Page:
Housing revises reservation process

A new process for on-campus living has been planned for the coming year. Students will have the choice of reserving a different room or go through a squatting process, which automatically allows the student to keep the room they are currently occupy. / photo illustration by Summer Herndon
A new process for on-campus living has been planned for the coming year. Students will have the choice of reserving a different room or go through a squatting process, which automatically allows the student to keep the room they are currently occupy. / photo illustration by Summer Herndon

by Andreas Hahn
Staff Writer

Three meetings attended by a total of 47 students, as well as a memorandum distributed in the University of La Verne’s residence halls informed students about the new room selection process for next year.

Similar to the process used last year, the new process allows current on-campus students the opportunity to “squat” their same room in one of the resident halls for next year. The application process for the new procedure began April 12.

Melissa Negrete, housing service coordinator for the Office of Housing and Residential Life, said that, compared to last year, some details changed in the selection process.

“Some things didn’t go right on our side,” Negrete said in reference to the former process and the overcrowding in rooms at the beginning of last semester.

“We have changed it to improve for us … basically for the residents, nothing should change,” said Negrete.

In order to participate in the room selection process, residents must have the full Housing Room Security Deposit balance of $100 in their Housing account. Moreover, students have to purchase a housing application, which can be picked up for $25 at the Housing office, to participate in the room selection process.

The application fee covers costs for printing and processing information. Negrete said she complained about this fee when she was not involved in the Housing process, but “now I’m part of the process and I understand the costs,” she said.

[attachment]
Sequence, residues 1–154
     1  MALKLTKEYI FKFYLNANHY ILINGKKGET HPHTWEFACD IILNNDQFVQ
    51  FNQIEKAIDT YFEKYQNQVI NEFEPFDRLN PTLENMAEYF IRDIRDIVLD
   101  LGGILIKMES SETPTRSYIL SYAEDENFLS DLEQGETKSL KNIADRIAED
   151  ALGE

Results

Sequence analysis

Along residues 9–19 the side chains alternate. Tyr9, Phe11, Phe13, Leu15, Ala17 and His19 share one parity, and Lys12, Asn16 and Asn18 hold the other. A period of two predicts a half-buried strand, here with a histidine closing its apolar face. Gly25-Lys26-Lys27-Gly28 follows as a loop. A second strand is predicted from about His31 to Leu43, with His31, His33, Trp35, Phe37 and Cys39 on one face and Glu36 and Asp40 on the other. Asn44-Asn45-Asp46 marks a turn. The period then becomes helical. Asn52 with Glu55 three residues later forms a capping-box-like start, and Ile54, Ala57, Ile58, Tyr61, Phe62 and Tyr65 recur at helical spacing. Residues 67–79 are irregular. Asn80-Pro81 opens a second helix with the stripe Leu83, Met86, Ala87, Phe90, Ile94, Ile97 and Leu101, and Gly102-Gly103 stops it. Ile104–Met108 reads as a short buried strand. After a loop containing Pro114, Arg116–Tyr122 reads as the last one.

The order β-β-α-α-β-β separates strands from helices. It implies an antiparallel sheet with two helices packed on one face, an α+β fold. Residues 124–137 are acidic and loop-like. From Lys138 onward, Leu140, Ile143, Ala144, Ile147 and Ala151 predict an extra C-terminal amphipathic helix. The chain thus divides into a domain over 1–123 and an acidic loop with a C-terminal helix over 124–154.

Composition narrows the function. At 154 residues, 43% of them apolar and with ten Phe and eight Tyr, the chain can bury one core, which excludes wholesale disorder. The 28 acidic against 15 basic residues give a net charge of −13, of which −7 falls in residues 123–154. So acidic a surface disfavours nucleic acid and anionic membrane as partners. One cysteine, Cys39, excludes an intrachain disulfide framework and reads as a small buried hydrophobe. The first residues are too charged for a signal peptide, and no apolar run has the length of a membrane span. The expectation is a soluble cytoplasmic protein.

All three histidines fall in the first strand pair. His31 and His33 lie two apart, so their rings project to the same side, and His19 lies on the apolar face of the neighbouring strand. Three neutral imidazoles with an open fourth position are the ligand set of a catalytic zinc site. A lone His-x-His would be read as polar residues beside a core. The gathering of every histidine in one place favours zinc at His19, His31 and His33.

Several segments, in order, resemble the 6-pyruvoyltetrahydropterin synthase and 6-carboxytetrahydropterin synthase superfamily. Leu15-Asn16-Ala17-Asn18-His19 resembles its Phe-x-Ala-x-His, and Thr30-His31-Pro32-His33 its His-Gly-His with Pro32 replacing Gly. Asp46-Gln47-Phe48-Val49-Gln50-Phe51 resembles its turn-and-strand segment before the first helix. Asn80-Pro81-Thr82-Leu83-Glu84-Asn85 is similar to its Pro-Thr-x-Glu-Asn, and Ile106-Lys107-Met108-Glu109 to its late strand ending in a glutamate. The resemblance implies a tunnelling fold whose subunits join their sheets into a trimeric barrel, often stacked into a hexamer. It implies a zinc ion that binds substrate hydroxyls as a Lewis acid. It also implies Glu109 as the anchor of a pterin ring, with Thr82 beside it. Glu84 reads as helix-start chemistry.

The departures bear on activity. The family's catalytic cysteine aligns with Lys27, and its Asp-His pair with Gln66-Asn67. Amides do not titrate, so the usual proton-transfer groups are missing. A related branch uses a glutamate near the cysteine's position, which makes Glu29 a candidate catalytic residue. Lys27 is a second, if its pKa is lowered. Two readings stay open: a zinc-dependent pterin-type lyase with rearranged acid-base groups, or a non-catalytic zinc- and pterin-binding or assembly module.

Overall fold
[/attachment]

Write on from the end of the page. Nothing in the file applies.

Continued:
Students who want to “squat” their current room must return completed application forms beginning Monday and through Thursday. Spaces not “squatted” by this time will be available for general reservations.

Participating in the “squatting” process automatically excludes one from reserving a different room. The wish for a new roommate may be expressed, but the “current roommates have equal rights to squat the room,” according to the memorandum.

If a new roommate is desired, the prospective new roommate must go to the Housing office on Friday between 8 a.m. and 5 p.m. to make arrangements and “squat” the same room.

A separate set of guidelines and dates applies for the process of reserving a different room for next year.

Seniors may begin reserving rooms on Monday, May 3, and thereafter; juniors are scheduled to participate in the selection process on May 4, and thereafter; sophomores will have the chance to reserve their desired rooms on May 5 and thereafter; and freshman may begin the reservation process May 6.

May 7 is open for all returners who did not have the opportunity to reserve a room on their designated dates. The Housing office will be open from 8:30 a.m. to 4:30 p.m. to help accommodate students still needing to reserve a room.

“I think everybody who plans to live on campus will squat or reserve,” said Negrete. As of Tuesday, 35 students had picked up applications.

Negrete highly recommended that students take advantage of these opportunities. After the application process is finished, all incoming students will have priority in being placed in the residence halls.

“Then we place the remaining returners … most likely there will be no rooms available anymore,” said Negrete, adding that, as a result of this year’s enrollment rate, the University expects a large amount of incoming students next year. Moreover, the squatting and reserving process is a good possibility to live with friends or to move to another resident hall, said Negrete.

Since the Oaks residence hall is more modern than other residence halls and is equipped with air conditioning, Negrete expects many people to apply for a room in this residence hall.

Teriy Castro, a junior diversified major, wants to apply for a single room. She said she has no problems with her roommate, but “sometimes you just want to be on your own,” she said.

Junior Henry Nuñez, a political science major, heard about the “squatting” and reserving process two weeks ago. He did not attend the information meetings but still wants to utilize the system. “It is a good idea to have priority to reserve your room,” said Nuñez.

“It is a good thing to have diversity. I want to learn more about other cultures,” he said. “[But] I don’t think students should be made to pay $25 for an application. It’s absurd.”

Anna Caples, a junior diversified major, is also applying for a single room for the upcoming school year. She said she has already picked up an application and intends to turn it in as soon as possible.

“If they can lessen it, especially for returning students, that would be nice,” Caples said about the application fee.

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